Consumer HMD comparison

We’ve wanted headed mounted display technology to take hold for a long time. Gizmodo recently compared two consumer models: the Zeiss Cinemizer ($400) and the Myvu Crystal ($300). Unfortunately the resolution of HMDs has gone nowhere in the last 10 years. These two devices only support 640×480 and are aimed specifically at iPod users. With computers getting smaller and higher resolution, we’re surprised that HMDs have not followed suit. Why isn’t someone going to market with a 1280×720 headset? If you really must choose one of these two, we’d recommend the Myvu. It has composite input so you can hook almost anything up to it.

28 thoughts on “Consumer HMD comparison

  1. I wonder if 640*480 is the biggest they can go from a focal aspect.. like could you see somethign smalelr then 640*480 and im sure it cant be good for your eyes focusing that close. But stillw ant one :P

  2. eraser: the point is they are supposed to use optics to make it appear that you are focusing on something that’s in the distance, so in theory it’s not like you are focusing on something close at all. and you can definately see higher resolution than 640×480, otherwise why would monitors have higher res, when they are much further away from your face than the goggles?

  3. crap that’s sweet! i want to see a HUD written for that. one that looks like half life and has a cross hair on it and a button so i can shoot people…. and the time and temp….

  4. What about the new apple patent for HMDs, It definitely has applications for increasing the resolution above what the LCOS panels in standard HMD’s. I have a pair of iGlasses HRV and they are definitely not immersive in any way, I’ll wait and see what Apple have up their sleeve.

  5. that headplay webpage sucks monkey balls
    thers all PR and hype but no actual info
    very suspicious, almost makes you think they lie when they say its 800×600 native because thers something about “rescalling” line above the resolution info.

  6. Got good news for all you HUD fans. BTW, I’m not affiliated with these guys.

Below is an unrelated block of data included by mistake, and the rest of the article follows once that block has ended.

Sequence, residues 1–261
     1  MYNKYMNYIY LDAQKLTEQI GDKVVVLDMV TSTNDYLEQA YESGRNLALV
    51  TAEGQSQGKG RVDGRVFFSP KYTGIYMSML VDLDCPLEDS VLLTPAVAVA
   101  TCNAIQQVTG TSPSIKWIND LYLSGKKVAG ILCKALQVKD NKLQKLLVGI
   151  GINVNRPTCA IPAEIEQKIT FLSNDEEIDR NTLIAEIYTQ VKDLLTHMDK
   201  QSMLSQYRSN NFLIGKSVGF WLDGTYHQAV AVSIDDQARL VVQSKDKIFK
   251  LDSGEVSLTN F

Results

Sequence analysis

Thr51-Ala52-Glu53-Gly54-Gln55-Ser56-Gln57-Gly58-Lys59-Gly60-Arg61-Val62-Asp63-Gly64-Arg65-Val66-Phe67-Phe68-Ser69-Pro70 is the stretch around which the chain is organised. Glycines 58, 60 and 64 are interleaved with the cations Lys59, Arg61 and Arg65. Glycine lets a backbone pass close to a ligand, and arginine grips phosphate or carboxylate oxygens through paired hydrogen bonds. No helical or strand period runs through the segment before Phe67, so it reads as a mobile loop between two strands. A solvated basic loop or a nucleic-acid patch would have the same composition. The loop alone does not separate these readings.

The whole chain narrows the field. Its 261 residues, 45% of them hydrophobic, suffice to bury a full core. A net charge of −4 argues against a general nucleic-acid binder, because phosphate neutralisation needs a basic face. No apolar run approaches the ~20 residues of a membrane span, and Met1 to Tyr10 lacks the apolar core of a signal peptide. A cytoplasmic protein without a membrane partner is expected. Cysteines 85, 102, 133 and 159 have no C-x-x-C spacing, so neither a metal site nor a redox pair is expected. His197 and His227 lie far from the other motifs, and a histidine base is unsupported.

See KOPIN Corp. Website-

    Yes, super high rez display units exist, 1280×1024 is the max so far (3000$, 800×600 is around 400$). Kopin’s the actual supplier for almost every one of these type of HMD’s display units, as well as most camcorders etc. on the planet, I belive. If you go right to the source, you can BUY either single displays, or as pairs in full depthing modules like you see here. Unlike most parts manufacturers, they actually put all their prices on their site in the open.

    Unless you got a SERIOUS budget, you can’t afford the 1200+ version yet since those prices are what the industry buys them at, even their bulk prices are listed. The tech to make them is still, apparently, expensive as hell, so that’s why they haven’t shown up in stuff like this yet. Plus, Ipod junkies already give a shit about sound quality, I’m sure that’s another reason these don’t go too high rez- the customer doesn’t care about quality when they deal with an Ipod perhephrial.

    So, if you have about 400$, or even a bit less, you can BUY these really nice 800×400 displays straight from them (le, totally hackable into ANYTHING you can imagine. If you want an immersion display like these, get one of their dual module lens units.

    I’ve been into HUDs for years, KOPIN is the best there is, and they give you their prices. Check them out! Maybe noone here knew them… And now, HUD hacks are going to supernova!

    Enjoy their site.

  7. “It has composite input so you can hook almost anything up to it.”

    Uhh many of your readers can hook anything up to anything I don’t see why that comment is relevant :P

  8. The module versions are 2 displays mounted to an optics block/unit, all self contained, basically the working guts of the myvu and other such units. Think of it as the hacker’s delight- I believe they are ready to plug and play, you can make your own custom mount for it (ie: : fit it to the inside of a mask, cover it with shapelock and make a custom molded frame to mount to your head that looks less “jordie” like, etc.)

    Framed versus frameless- the framed versions have a plastic bezel around them to protect the edges and fill space to mount to camcorders/consumer gadets better, the frameless versions are the barebones glass-ended displays with no protection bezel- as big as the display itself is what you get on a ribbon cable.

    Basically, yeah, the same 640×480 module unit is used in both of these HMDs in the review, and you can buy it for 240$ bare from Kopin, and make your own frame from stratch, via shapelock molding, lost wax casting, etc. Save money, and get the smallest possible form factor for hacking it into another device!